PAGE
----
Can influx of college grads cause spike in city housing costs, widening class divide?
By Matthew Kredell
An influx of college graduates in a city tends to increase wages for workers of all levels. But research from USC Price School of Public Policy Professor Richard Green, who directs the Lusk Center for Real Estate, shows that the resulting increase in housing costs offsets the higher earnings for low-skilled workers.
“Wage Trickle Down vs. Rent Trickle Down: How does increase in college graduates affect wages and rents,” a working paper published by the USC Lusk Center, indicates that an increased college share disproportionately favors the more educated residents — a result that has important implications for urban inequality.
“For the last 25 years, there’s been an evolution of wages and rents in cities and how they influence people differently at various education levels,” Green said. “If a lot of college graduates move into your city, and you’re a college-educated person yourself, wages go up to cover increased housing costs. But, if you’re at a lower level of education, housing costs go up more than income level, and the lower the education the bigger that gap is.”
Serving as a co-author on the paper was Jung Hyun Choi, who completed a Ph.D. in Public Policy and Management from USC Price in 2015 and went on to be postdoctoral scholar at the USC Sol Price Center for Social Innovation before joining the Urban Institute.
Increased wages negated by increased rents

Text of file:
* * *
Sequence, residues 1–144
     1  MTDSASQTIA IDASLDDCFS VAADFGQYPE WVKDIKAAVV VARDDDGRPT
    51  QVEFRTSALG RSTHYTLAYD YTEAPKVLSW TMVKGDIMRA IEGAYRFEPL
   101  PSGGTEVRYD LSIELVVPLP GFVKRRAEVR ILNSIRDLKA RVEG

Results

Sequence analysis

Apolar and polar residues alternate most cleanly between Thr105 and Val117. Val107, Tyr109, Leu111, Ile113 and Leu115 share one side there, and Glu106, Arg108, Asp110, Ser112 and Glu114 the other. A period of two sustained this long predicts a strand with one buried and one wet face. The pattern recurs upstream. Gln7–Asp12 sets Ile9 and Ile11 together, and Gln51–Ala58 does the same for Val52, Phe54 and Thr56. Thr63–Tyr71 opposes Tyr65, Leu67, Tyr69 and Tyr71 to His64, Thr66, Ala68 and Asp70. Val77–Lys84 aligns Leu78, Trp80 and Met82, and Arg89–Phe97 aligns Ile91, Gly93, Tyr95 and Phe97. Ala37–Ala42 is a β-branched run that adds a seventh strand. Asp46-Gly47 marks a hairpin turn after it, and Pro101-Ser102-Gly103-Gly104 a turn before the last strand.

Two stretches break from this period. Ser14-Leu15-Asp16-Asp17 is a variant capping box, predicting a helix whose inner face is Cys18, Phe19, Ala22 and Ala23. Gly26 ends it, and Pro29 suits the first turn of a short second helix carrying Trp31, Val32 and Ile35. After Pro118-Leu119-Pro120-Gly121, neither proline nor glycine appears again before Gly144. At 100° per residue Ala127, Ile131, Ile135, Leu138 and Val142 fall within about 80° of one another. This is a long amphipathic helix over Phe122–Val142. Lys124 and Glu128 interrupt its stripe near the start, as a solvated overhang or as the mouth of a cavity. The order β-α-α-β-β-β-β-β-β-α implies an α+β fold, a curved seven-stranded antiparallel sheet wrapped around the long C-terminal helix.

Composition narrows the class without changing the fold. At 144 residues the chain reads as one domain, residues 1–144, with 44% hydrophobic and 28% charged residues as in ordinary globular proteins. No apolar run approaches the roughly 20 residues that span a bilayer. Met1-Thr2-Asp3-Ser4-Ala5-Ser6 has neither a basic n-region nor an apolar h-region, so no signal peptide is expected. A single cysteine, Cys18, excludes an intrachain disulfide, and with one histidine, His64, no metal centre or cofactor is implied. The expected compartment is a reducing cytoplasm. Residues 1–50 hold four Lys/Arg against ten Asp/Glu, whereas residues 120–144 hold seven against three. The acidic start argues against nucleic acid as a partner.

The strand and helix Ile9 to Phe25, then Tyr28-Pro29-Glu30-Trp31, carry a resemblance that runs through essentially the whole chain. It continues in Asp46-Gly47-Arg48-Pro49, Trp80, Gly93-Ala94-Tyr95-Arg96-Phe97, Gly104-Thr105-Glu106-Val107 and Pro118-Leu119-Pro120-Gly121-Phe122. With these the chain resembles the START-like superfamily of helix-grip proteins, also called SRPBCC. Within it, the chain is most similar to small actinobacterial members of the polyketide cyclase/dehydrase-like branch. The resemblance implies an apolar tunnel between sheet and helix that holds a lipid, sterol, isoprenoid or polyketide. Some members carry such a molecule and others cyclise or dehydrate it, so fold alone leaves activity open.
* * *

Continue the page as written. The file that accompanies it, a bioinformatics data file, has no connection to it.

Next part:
Examining data from the Panel Study of Income Dynamics spanning 1980 to 2013, the authors track the impact of college graduates on wages and rents across U.S. metro areas. The paper is the first to take into account individual fixed effects for each educational attainment group.
“The world has changed from one where, 30 years ago, U.S. cities seemed to be converging, becoming more alike economically,” Green said. “Now they are diverging, becoming less alike economically, and the driver is that high-skilled cities are drawing high-skilled people from low-skilled cities, so there’s a bigger difference in skill levels between cities.”
The paper illustrates how a 1 percent increase in the share of college graduates leads to a 1.4 percent increase in wages. That wage increase varies across education levels, at 1.7 percent for college graduates and 0.7 percent for people without a high school degree.
However, household welfare does not depend only on income, but also cost of living. The same 1 percent increase in college graduates leads to a 2.5 percent increase in cost of rent. For the less educated, higher housing costs negate the wage increase.
The findings suggest that policymakers need to consider the changes occurring both in the labor and housing markets from rising college share.
When taking into account the changes in housing cost and housing wealth, the welfare gap between the skilled and unskilled labor force further widens. This impact is being felt locally.
“In Los Angeles, we’re seeing people without college degrees moving out while people with college degrees are moving in,” Green said. “It’s consistent with what we’re seeing in California, where it’s ceasing to be a middle-class state.”
Green and Choi are currently working on another, related paper exploring one benefit of being low-skilled workers in a high-skilled city, namely that their children are more likely to finish high school and college.